PACE Case: Individualizing Medication Recommendations Using Pharmacogenomic Test Results

Challenges
JB is an 81-year-old female PACE participant with a past medical history of allergic rhinitis, anxiety, chronic back pain, chronic kidney disease (CKD) stage 3, coronary artery disease (CAD), dementia with behavioral disturbances, gastroesophageal reflex disease (GERD), hyperlipidemia (HLD), major depressive disorder (MDD), neuropathy, and osteoporosis. She has been admitted to the emergency room multiple times in the past six months due to increased aggressive behaviors with staff and other participants at the PACE center.

Given the participant’s uncontrolled behavioral disturbances, the CareKinesis clinical pharmacist recommended individualizing the participant’s medication regimen by obtaining a pharmacogenomic (PGx) test and performing a medication safety review based upon the results. The participant’s initial MedWise Risk ScoreTM was 29/50, which is considered high risk.

The participant’s medication regimen includes:

  • Aspirin 81mg, once daily for CAD
  • Atorvastatin 20mg, once daily at bedtime for HLD
  • Cetirizine 5mg, once daily for allergies
  • Cholecalciferol 2000 units, once daily for osteoporosis
  • Docusate 100mg, BID for constipation
  • Famotidine 20mg, once daily for GERD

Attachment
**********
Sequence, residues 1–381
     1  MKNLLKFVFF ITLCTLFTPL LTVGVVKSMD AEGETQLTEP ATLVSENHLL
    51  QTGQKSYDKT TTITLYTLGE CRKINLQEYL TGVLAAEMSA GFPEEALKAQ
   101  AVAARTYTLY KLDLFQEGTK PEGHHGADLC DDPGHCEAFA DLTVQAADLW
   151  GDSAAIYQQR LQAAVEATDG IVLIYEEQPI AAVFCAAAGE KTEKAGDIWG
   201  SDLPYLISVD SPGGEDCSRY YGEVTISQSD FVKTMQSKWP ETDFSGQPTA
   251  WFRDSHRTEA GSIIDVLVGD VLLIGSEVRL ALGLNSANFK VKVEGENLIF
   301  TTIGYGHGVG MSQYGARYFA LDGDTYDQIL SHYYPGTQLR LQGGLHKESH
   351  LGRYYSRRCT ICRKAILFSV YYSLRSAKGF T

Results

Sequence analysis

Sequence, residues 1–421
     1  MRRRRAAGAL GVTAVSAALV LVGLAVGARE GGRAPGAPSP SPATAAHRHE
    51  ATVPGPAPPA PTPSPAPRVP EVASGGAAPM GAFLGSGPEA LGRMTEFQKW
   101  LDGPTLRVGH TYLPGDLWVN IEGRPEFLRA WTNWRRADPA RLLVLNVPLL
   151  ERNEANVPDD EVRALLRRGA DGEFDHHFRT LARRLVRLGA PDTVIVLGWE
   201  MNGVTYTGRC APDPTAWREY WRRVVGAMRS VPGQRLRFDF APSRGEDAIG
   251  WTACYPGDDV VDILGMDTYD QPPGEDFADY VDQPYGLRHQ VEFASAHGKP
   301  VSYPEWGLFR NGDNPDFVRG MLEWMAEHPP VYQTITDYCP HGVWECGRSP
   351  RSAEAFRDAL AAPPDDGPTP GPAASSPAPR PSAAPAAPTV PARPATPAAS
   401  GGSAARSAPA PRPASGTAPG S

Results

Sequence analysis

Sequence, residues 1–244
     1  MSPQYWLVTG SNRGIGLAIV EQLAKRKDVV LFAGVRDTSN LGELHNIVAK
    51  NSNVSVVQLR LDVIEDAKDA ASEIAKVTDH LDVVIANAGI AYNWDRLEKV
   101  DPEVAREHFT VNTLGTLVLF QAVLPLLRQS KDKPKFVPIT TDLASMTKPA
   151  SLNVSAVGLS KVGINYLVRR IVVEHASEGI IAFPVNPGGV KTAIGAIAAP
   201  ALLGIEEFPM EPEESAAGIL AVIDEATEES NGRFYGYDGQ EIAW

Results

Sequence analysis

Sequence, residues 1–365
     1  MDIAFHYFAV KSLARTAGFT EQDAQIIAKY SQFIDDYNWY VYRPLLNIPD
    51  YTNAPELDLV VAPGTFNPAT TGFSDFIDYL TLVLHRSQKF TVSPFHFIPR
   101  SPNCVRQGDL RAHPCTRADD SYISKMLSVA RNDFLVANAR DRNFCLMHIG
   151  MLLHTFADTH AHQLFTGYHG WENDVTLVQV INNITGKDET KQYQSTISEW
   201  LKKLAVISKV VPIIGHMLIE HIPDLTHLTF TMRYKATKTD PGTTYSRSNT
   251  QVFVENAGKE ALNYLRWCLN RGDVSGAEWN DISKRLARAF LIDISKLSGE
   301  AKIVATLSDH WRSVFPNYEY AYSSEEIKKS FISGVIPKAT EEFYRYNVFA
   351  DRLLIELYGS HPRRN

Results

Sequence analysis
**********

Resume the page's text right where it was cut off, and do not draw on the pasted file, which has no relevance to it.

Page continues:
• Gabapentin 100mg, TID for neuropathy
  • Meclizine 12.5mg, BID for dizziness
  • Memantine 10mg, BID for dementia
  • Mirtazapine 15mg, once daily at bedtime for insomnia
  • Olanzapine 2.5mg, once daily in the morning and 20mg once daily at bedtime for dementia-related behaviors
  • Rivastigmine ER 9.5mg, patch once daily for dementia
  • Venlafaxine XR 75mg, once daily for MDD and anxiety

Genetic polymorphisms and PGx results of key CYP enzymes include:

  • CYP1A2 – rapid metabolizer (RM)
  • CYP2D6 – poor metabolizer (PM)

Drug-gene interactions identified by the pharmacist include the following:

  • As a CYP1A2 RM, the participant’s enzyme activity is increased, potentially reducing the concentration of CYP1A2 substrates (olanzapine), increasing the risk for pharmacotherapy failure.
  • As a CYP2D6 PM, the participant’s enzyme activity is significantly decreased, potentially resulting in higher plasma concentrations of CYP2D6 substrates (venlafaxine), increasing the risk of toxicity.